Scholars discussed the impact and working of Sikh NGOs. They also discussed the identity, values, polity, participation in global fora and understanding about global affairs of the Sikhs.

They were of the view that the United Nations needed to work with NGOs, especially religion based.

At least 10 per cent aid should be channelled through righteous people like Baba Balbir Singh Seecehewal to work at grass roots level, they observed.

Sikh identity needed to be protected as the Sikhs supported the global agenda for elimination of poverty through their ideal of selfless service, they opined.

The common view was that the Sikhs had a unique identity and were law abiding, democratic and peace-loving community. Sikh shrines were not merely places of worship.

They were of the view that sustainable development, elimination of poverty, environmental problems needed to be carried forward along with religious agenda and that it had been recognised that religions could play an important role in ushering in peace and development.

The seminar was attended by secretary, International Affairs SGPC Joginder Singh, former secretary SGPC Dr Gurbachan Singh Bachan, Dr Kashmir Singh from Department of Legal Studies, GND University, Dr Balwant Sigh Dhillon, Dr Jogeshwar Singh and Dr Harmeet Singh from Department of Religious Studies GND University, Sikh Missionary College Principal Dr Suba Singh, Associate Professor, Government Medical College, Amritsar, Dr Baljeet Singh Dhillon, Dr Anantdeep S. Dhillon and Dr Paramjit Singh.



My City
City’s literary journey

The Holy City, founded by Guru Ram Dass, is steeped in history with its rich religious and cultural heritage. While Golden Temple adorns the city like a crown, the Jallianwala Bagh stands as an epitaph to the freedom struggle.

The city is known for its temples and gurdwaras. It is dotted with mosque and tombs of great saints. A proud symbol of the Sikh community, the city is also rich in Punjabi culture. It is lined with examples of rich architectural heritage and cultural variety.

Besides its historic importance, the city has remained the nerve centre of Sikh politics.

Its literary heritage has been well documented. The modern-day Punjabi poetry is incomplete without the mention of Bhai Veer Singh. Another famous name is Lala Dhani Ram Chatrik, who was instrumental in laying the foundation of Punjabi press.

Other names linked to the city include Urdu legend Sadat Hasan Manto, Principal Sant Singh Sakhon, Prof Mohan Singh and Faiz Anmed Faiz, to name a few.

When Guru Nanak Dev University came into existence, it reinvigorated the already rich cultural and literary renaissance.

The literary world of Amritsar never fainted due to its long association with theatre. Though the Open Air Theatre does not exist any more, Punjab Natshala and Manch Rangmanch are donning the flame these days.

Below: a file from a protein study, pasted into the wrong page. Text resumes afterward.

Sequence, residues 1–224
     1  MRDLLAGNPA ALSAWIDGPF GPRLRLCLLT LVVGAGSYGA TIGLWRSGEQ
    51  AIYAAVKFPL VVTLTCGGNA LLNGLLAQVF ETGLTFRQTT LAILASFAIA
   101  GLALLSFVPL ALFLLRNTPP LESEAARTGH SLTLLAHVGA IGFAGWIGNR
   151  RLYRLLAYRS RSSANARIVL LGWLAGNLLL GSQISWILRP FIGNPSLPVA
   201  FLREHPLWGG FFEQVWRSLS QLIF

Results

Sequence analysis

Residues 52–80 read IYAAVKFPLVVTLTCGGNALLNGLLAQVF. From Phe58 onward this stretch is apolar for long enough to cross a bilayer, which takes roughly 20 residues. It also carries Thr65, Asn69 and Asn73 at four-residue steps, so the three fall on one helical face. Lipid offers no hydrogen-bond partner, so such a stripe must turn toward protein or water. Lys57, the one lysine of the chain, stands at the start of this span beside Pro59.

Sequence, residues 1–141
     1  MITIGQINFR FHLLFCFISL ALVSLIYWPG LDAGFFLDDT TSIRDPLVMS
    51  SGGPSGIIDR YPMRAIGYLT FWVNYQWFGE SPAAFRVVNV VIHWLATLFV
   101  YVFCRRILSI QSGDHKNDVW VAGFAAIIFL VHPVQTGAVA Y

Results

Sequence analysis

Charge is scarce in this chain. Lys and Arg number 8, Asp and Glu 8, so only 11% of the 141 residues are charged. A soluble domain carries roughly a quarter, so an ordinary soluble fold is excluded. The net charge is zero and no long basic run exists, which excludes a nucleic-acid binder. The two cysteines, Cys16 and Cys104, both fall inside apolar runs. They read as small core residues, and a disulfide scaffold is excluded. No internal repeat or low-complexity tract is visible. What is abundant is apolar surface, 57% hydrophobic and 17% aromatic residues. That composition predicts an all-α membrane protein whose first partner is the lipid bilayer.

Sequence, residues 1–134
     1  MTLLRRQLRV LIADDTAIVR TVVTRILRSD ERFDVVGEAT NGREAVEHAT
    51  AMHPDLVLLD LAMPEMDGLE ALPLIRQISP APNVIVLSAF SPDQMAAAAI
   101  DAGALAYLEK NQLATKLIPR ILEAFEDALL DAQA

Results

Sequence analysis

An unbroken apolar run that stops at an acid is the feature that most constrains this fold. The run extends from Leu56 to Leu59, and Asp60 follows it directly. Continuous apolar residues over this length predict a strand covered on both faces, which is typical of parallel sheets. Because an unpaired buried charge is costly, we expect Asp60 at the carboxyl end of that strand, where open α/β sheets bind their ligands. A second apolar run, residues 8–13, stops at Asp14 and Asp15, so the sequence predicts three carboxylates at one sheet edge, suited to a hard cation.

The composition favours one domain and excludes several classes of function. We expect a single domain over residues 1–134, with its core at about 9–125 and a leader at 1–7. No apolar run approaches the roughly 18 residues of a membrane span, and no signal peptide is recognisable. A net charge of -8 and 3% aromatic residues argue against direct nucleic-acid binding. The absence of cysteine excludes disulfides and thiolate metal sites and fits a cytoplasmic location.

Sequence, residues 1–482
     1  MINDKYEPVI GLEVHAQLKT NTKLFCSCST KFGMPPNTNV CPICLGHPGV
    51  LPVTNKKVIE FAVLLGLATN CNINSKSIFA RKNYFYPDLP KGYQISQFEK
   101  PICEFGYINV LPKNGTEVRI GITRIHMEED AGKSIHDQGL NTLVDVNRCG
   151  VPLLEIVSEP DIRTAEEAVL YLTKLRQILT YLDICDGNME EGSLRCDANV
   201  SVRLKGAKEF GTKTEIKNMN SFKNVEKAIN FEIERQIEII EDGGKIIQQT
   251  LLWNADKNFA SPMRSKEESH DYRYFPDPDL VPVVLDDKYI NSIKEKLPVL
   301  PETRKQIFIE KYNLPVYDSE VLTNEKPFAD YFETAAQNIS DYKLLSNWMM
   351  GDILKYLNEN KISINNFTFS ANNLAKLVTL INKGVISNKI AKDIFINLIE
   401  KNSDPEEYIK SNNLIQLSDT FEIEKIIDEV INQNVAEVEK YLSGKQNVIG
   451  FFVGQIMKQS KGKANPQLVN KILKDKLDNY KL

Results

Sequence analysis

This city has also been home to literary legends like Principal Sahib Singh, novelist Nanak Singh, Gurbax Singh Preetlari, Principal Sujjan Singh and Bawa Balwant.

It has also been immortalised by the echoes of soulful lyrics of Shiv Kumar Batalvi.

Poets like Vidhata Singh Teer and Kartar Singh Balagan also belong to the city. Punjabi literary magazine “Kavita” was the first its kind to be published in Amritsar.

Keeping in line with the rich literary heritage of the city came another torch-bearer, Amrik Singh Aman. A managing director of an industrial unit, Aman’s love for poetry began with a monthly magazine “Lo”, which he brought out in 1978. He came in contact with numerous contemporary literary figures through the magazine.

Within a year of his magazine becoming successful, many famous poets and literary figures joined him in his endeavour. Scholars started sending their works for publishing in “Lo”. Amrita Pritam also visited the city along with Imroz at the invitation of “Lo”. I was assistant to Navtej Singh in Preetlari. I had worked as Editor of “Lo” from 1979-89. I got the chance to meet Aman when he visited Preet Nagar along with Faiz Ahmed Faiz.

We related with one another right away because of our common interest in literature.

Aman was instrumental in keeping the flame of Punjabi literature burning in the city through his magazine.

Dr Sutinder Singh Noor recently remembered Aman’s contribution to the Punjabi literature and culture at a function organised in his memory.

Keeping alive the legacy of Aman, his nephew, Kanwaljeet Singh, has now taken over from where Aman had left.



DAV tiny tots have a ball
P.K. Jaiswar

The tiny-tots of DAV Public School organised their school’s annual day with performances on five elements of the universe. An exhibition-cum-fete was also organised. Attired in colourful dresses, the students of nursery classes brought forth the unusual theme in a dance and song sequence.

They performed “Gagan taley dharti paley, kesa hai yeh nazara” to the theme of “sky”.

On the element of “earth” was a number, “Gol gol yeh dharti ghumey”.

Students danced to the beats of “Sar sar chali hawa” on the theme of “air”.

“Water” was depicted through classical dance “Tak dhina din ta tha thaiya”, while “fire” was represented through graceful movements on song “Aag aag bani aag”,

“Water” was also depicted through aquarian life, boats and zodiac signs on cushion covers, bags, wall hangings and models.

Similarly, “air” section had dancing butterflies, flowers, birds along with modern extravaganza of helicopters and aeroplanes.

The “earth” corner saw animal life, human life, flora and fauna, while “space” had a planetarium showing stars, moon, planets and zodiac signs.